Areas where hazardous drugs are prepared or administered should be separated from other areas of the hospital and clearly labeled for staff. For some institutions, this might mean expanding or renovating existing areas to accommodate the new requirements. Additional biological safety cabinets will be needed as well, which requires more space and some thought as to airflow and design of the hospital.
Shelving and carts where hazardous drugs are stored or transported should have a sufficient barrier on them to prevent vials from falling off and breaking. Moreover, hazardous drugs should be stored in a different area than nonhazardous drugs, so additional shelving will be necessary when the decision is made to use hazardous drugs.
Training programs should include everyone with potential for exposure to hazardous drugs, not just the medical staff. Maintenance workers, housekeepers, and volunteers are just some of the staff with the potential for exposure. It is potentially even more crucial that non-medical staff be included because they are less likely than medical staff to be able to recognize hazardous drugs, fully understand the implications of exposure, and know the appropriate steps to take to reduce exposure.
A best practice would be to train all employees of the hospital to some degree. Graded training programs could be developed that included basic training for everyone as well as training for specific tasks such as preparation, administration, cleanup, and disposal. Basic training might include topics such as recognizing labeling, routes of exposure, appropriate PPE, and hospital resources in case of accidental exposure or a spill that needs cleanup.
Gloves: Gloves are essential whenever working with hazardous drugs. As stated above, a major route of exposure is through dermal contact. Workers should be wearing double gloves that are powder free. The powder on gloves tends to concentrate the contamination, making it easier to become exposed or to expose other workers through surface contamination.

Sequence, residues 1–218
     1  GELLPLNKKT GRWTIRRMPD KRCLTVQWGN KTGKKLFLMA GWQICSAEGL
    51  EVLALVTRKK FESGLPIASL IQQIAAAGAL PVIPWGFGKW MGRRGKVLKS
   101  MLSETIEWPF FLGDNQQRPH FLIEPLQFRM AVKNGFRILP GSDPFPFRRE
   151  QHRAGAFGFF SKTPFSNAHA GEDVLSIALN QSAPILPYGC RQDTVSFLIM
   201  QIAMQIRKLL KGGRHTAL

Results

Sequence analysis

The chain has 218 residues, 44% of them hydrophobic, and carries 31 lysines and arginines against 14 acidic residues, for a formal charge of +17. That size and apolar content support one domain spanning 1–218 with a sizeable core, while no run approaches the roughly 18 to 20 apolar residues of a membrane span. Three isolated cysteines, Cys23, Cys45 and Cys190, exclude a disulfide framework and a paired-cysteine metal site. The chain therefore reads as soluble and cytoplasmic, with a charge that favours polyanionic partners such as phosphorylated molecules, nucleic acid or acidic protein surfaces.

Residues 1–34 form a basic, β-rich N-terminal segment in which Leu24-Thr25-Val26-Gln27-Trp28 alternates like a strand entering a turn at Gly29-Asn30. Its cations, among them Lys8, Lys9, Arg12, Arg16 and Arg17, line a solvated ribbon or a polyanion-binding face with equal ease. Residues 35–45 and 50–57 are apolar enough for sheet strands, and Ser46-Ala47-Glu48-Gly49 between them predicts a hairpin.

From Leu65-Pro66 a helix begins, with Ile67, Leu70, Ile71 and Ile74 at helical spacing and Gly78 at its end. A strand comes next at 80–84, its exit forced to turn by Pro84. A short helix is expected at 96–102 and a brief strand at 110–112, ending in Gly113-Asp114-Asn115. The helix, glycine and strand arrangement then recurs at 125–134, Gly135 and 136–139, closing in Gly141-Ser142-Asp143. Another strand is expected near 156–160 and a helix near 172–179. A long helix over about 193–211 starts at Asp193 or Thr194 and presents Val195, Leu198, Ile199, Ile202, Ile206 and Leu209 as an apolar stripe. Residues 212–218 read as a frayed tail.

The American Society for Testing and Materials (ASTM) has testing standards for determining if glove materials can withstand penetration with chemotherapy agents. Materials that are sufficient include latex, nitrile, and neoprene/polyurethane. Any gloves being used for chemotherapy should meet these testing standards and be designated separately in the hospitals as chemotherapy gloves.
Other practices to reduce exposure include changing gloves every 30 minutes, if contaminated with a spill, or become compromised with a tear or break in the barrier. Workers should inspect gloves before use, wash hands before and after use, and dispose of all PPE in designated bins after use. 70% isopropyl alcohol may be used to sanitize gloves as it has been shown not to degrade the barrier provided by the gloves.
Gowns: Gowns should be worn anytime during preparation, administration, spill control, and waste management. They should be of a non- or low-permeable, lint-free fabric and be disposable. Because washable gowns absorb fluids, they are inappropriate for hazardous drug PPE. In addition, only gowns with a polyethylene or vinyl coating will provide adequate protection against spills with hazardous drugs. Early evidence suggests that gowns might offer protection for two to three hours, but further research is still needed.
Eye and face protection: When there is a possibility of a splash or spill face protection should be worn. It is best to wear face shields rather than goggles because they offer protection of the entire face rather than just the eyes.
Shoe and hair covers: In sterile compounding shoe and hair covers decrease the chance of contamination in the sterile room. However, when compounding with hazardous substances, used shoe and hair covers should be considered contaminated and need to be removed prior to leaving the room. Moreover, since they are contaminated, they should be removed with gloved hands only.
Respirators: Respirators are required anytime there might be a splash or spill outside of the biological safety cabinet. Workers using respirators must be trained and fittested for the respirator as required by the OSHA Respiratory Protection Standard. Surgical masks do not provide appropriate protection and only a NIOSHapproved respirator should be used. The NIOSH N95 respirator provides protection against airborne particles but offers no protection against gases and vapors.
Biological Safety Cabinets (BSCs)